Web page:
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However, seemingly hamstrung by its limited competencies in this area and preoccupied by the economic crisis, Brussels has been hesitant in its reaction to apparent democratic backsliding. Sooner or later the European Union will be forced to take a firmer stance on the protection of democratic institutions within its member states. Click here to read Sylvana Habdank-Kolaczkowska and Zselyke Csaky's op-ed for the EU Observer.

Issues: 
Civil Society, Democratic Governance, Human Rights Defense, Intergovernmental Bodies
Regions: 
Eurasia, Europe
written by
Sylvana Habdank-Kołaczkowska
Project Director of "Nations in Transit"
written by
Zselyke Csaky
Research Analyst, Nations in Transit

When a far-right political party with a nationalist, anti-immigration, and Euroskeptic agenda joined a coalition government after Austria’s 1999 parliamentary elections, the 14 other countries of the European Union (EU) balked. The inclusion of Jörg Haider’s Austrian Freedom Party (FPÖ) challenged an implicit agreement among EU members that extremist parties would be barred from central government positions.

Regions: 

The Greek government’s sudden decision to shut down the state broadcaster, Hellenic Broadcasting Corporation (ERT), is the most serious in a series of worrying developments for media freedom in the country. The move deals another devastating blow to the ability of the media to provide citizens with information from a variety of viewpoints in a country that is already suffering due to an unprecedented economic crisis.

Issues: 
Freedom of Expression, Media Freedom
Regions: 
Europe
written by
Jennifer Dunham
Senior Research Analyst, Freedom in the World and Freedom of the Press
written by
Zselyke Csaky
Research Analyst, Nations in Transit

In the half decade since the beginning of the economic crisis, global press freedom has declined, and the EU has been no exception to this trend. Reporting on a new survey on press freedom, Jennifer Dunham and Zselyke Csaky find that Greece and Hungary have experienced large declines in press freedom in recent years, with Lithuania, Latvia and Spain also seeing falls. They write that the economic crisis has exacerbated deep-rooted problems across Europe’s media environments leading to a decline in print media circulation and diversity, as well as a greater concentration of media ownership.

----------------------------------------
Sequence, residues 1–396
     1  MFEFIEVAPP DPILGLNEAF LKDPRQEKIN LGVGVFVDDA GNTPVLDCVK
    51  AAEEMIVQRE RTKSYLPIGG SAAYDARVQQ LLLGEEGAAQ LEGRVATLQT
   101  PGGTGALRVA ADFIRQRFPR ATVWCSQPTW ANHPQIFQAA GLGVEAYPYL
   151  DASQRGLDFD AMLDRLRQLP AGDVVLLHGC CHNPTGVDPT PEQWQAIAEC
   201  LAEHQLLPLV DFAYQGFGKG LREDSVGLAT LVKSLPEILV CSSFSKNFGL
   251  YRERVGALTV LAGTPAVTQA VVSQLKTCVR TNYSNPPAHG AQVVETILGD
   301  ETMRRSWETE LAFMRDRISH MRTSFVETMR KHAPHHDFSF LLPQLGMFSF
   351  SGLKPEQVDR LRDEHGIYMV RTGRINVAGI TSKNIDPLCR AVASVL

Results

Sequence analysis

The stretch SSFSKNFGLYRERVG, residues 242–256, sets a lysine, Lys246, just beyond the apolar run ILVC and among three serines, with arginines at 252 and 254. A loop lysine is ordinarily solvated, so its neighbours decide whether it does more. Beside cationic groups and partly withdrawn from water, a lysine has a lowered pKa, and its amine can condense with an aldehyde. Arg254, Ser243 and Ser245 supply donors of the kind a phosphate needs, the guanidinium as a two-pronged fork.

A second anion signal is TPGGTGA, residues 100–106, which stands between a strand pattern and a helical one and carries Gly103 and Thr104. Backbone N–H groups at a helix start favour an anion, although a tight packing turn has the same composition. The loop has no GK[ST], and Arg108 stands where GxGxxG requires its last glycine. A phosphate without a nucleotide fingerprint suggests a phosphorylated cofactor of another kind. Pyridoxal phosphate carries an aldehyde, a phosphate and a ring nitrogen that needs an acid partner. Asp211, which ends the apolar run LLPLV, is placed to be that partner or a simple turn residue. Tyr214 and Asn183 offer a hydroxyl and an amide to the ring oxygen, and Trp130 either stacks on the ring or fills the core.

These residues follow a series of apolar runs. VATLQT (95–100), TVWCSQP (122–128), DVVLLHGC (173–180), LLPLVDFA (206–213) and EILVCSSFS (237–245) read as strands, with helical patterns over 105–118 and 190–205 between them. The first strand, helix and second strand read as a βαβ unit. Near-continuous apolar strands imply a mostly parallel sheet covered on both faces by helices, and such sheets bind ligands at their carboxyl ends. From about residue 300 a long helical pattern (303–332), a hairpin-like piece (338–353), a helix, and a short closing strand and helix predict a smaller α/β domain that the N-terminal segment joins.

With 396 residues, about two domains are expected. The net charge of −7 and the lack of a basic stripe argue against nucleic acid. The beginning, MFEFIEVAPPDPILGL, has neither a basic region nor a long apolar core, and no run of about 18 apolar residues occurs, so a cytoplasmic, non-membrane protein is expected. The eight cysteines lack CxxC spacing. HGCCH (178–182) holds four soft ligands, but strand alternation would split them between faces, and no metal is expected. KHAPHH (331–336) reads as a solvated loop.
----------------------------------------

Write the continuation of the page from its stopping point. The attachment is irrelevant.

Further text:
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Policing Belief: The Impact of Blasphemy Laws on Human Rights

Policing Belief: The Impact of Blasphemy Laws on Human Rights examines the human rights implications of domestic blasphemy and religious insult laws using the case studies of seven countries—Algeria, Egypt, Greece, Indonesia, Malaysia, Pakistan and Poland—where such laws exist both on paper and in practice. Without exception, blasphemy laws violate the fundamentalfreedom of expression, as they are by definition intended to protect religious institutions and religious doctrine– i.e., abstract ideas and concepts – from insult or offence. At their most benign, such laws lead to self-censorship.  In Greece and Poland, two of the more democratic countries examined in the study, charges brought against high-profile artists, curators and writers serve as a warning to others that certain topics are off limits. At their worst, in countries such as Pakistan and Malaysia, such laws lead to overt governmental censorship and individuals are both prosecuted and subject to severe criminal penalties including lengthy jail sentences.

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